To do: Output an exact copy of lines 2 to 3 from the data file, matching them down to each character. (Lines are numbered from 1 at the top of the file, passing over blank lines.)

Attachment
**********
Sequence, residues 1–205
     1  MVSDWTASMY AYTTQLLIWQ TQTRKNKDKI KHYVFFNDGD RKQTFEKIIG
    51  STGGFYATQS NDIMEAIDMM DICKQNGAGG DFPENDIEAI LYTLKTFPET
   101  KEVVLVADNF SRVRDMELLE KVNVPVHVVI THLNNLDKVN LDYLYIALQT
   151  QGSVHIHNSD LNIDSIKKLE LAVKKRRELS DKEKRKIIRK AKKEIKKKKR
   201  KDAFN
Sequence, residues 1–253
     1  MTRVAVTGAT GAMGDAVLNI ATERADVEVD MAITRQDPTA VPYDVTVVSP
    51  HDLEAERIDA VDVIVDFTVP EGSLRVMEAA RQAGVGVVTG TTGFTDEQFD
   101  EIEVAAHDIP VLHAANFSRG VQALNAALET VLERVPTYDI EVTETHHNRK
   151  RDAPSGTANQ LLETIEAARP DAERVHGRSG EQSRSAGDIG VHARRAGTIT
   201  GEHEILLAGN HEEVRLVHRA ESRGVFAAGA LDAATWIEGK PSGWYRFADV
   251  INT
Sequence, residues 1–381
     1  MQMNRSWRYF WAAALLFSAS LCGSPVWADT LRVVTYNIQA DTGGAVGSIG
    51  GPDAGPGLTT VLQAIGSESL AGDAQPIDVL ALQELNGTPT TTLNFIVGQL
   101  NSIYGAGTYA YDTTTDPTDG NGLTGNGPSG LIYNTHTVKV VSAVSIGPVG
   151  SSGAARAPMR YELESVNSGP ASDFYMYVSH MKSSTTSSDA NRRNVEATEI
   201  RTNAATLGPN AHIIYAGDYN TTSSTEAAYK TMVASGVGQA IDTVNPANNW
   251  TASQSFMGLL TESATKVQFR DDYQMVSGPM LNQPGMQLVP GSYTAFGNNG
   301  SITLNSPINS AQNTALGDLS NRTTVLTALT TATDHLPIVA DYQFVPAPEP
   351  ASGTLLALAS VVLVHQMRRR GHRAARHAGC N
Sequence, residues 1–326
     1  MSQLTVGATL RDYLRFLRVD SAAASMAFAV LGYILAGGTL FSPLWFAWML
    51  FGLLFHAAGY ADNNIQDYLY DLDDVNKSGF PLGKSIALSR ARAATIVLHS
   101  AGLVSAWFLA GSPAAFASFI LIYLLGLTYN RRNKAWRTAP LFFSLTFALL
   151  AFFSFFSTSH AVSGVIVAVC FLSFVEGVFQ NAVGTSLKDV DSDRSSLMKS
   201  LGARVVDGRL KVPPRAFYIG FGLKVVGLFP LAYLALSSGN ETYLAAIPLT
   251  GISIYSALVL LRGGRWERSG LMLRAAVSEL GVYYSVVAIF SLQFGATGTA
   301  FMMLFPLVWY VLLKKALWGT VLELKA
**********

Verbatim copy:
     1  MVSDWTASMY AYTTQLLIWQ TQTRKNKDKI KHYVFFNDGD RKQTFEKIIG
    51  STGGFYATQS NDIMEAIDMM DICKQNGAGG DFPENDIEAI LYTLKTFPET